# Ways to speed up Python code for data science purposes

Although it might sound like a pure techie question, I would like to know which ways you usually try out, for very data science-like processes, when you need to speed up your processes (given that the data retrieval is not a problem and that it also fits in memory etc). Some of those could be the following, but I would like to receive feedback about any other else:

• good practices as always using Numpy when possible on numeric operations and not loops...
• more good practices like using 'apply', 'applymap'... instead of loops when applying functions to elements of lists, dataframes, etc
• Numba applied on native python loops, numpy arrays...
• multiprocessing with multiprocessing library depending on the available logical cores

This is motivated by the fact that, if we mainly use Python with all its advantages, we do not want to switch to other languages like Scala or Julia, unless there is no alternative.

• It is a myth you need apply or applymap when working with dataframes. For almost all of our data processing problems, there are native pandas or numpy methods which are optimized down to the C or Fortran code. Here's an example of apply being 135x slower than numpy, see Timings section in my answer. That said, there are very rare occasions you need apply and that's when you're doing something not trivial. – Erfan Jan 29 at 12:05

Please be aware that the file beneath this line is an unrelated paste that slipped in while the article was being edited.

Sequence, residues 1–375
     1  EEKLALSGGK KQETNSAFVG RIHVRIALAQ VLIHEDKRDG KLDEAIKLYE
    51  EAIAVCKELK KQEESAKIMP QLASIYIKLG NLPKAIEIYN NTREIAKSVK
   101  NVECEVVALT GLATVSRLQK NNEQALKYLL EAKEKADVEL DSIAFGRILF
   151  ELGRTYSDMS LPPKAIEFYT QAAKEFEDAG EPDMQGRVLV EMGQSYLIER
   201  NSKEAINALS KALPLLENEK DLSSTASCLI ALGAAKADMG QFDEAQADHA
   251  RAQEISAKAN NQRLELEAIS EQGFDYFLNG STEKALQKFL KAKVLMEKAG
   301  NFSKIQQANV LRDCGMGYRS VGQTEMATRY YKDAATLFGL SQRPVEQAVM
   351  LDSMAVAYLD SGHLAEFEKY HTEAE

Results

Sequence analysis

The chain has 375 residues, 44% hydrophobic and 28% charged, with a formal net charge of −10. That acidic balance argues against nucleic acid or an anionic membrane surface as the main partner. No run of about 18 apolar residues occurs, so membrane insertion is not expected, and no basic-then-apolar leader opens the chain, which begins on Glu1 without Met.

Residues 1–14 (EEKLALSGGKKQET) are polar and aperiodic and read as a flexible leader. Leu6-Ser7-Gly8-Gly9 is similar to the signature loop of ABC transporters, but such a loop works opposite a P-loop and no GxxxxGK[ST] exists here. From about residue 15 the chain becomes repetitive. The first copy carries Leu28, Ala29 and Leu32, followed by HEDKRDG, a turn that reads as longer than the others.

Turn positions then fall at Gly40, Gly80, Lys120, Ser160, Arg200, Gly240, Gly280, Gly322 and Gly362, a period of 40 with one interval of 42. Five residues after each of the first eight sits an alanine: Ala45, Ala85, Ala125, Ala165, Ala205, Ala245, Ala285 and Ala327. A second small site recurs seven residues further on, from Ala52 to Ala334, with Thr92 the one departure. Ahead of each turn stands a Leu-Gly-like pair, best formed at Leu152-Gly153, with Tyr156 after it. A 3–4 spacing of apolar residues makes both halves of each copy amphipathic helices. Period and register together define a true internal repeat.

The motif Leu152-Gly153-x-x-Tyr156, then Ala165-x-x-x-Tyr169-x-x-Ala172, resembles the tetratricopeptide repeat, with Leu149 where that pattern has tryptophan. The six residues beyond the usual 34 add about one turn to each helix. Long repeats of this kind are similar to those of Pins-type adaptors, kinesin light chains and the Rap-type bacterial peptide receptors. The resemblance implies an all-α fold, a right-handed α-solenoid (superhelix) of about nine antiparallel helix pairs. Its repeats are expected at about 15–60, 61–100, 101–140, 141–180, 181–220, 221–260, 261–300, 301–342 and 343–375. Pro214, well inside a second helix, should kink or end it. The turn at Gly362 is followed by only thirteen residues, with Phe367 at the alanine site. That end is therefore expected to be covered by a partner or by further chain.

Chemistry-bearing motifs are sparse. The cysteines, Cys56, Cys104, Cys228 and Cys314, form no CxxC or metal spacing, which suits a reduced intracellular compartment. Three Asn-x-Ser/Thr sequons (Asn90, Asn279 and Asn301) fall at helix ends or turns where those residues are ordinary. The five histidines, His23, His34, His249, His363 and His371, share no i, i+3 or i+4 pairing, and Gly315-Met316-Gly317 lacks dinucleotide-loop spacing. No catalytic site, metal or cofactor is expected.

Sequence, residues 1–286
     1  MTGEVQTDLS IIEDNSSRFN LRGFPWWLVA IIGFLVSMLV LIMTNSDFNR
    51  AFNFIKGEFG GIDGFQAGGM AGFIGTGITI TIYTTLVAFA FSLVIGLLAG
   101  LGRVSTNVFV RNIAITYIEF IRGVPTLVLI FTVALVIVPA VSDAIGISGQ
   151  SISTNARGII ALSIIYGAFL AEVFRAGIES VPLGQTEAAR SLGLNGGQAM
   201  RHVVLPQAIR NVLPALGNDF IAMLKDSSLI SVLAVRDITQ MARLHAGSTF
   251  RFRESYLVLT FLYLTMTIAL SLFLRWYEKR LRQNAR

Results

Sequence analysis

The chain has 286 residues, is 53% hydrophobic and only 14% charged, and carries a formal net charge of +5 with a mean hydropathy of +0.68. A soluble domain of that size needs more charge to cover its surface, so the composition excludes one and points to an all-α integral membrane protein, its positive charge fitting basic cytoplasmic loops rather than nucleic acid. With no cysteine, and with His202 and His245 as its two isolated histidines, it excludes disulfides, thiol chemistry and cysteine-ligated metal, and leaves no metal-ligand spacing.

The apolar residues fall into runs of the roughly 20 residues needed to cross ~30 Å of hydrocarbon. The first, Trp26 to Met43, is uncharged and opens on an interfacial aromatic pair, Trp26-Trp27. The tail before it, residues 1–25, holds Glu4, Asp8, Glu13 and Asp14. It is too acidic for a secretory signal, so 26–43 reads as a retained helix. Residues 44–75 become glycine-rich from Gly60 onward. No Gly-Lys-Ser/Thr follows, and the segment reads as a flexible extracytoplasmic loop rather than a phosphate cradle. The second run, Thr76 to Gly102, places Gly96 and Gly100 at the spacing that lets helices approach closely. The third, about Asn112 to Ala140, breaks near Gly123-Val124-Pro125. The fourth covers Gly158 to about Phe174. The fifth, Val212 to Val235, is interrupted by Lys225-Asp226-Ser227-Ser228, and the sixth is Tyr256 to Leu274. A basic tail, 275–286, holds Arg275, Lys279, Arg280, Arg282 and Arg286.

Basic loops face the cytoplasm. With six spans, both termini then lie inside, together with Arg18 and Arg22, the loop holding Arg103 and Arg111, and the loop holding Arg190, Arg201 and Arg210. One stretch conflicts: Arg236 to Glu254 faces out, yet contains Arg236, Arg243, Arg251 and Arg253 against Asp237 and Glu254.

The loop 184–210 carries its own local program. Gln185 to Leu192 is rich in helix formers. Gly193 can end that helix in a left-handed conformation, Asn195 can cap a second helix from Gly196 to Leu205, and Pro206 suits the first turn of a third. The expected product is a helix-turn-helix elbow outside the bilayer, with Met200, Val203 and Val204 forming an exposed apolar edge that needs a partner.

• Here's a very informative answer on when to use apply and why you should try to avoid it. – Erfan Jan 29 at 12:08
• thanks for the great links, I totally agree with that style of answering by means of showing reproducible results :) Nevertheless, I did not mean to always use 'apply/applymap' when dealing with dataframes, but use it instead of pure 'for loops' (I did some experiments in my company showing improvements of about 2 orders of magnitude by using 'from_records(itertools.product...)' to build a cartesian product dataframe and then use applymap with custom function instead of 'for looping'); and of course, numpy-like methods even better when possible. – German C M Jan 29 at 14:05
• your second answer is really good, I will try to keep it in mind as I might have been using 'apply-like methods' too many times ;) – German C M Jan 29 at 14:06
• Even for that there are vectorized methods, see this. Also sklearn has a built in method for this: from sklearn.utils.extmath import cartesian – Erfan Jan 29 at 14:25

• use @tf.function decorator on top of TensorFlow functions to speed up computation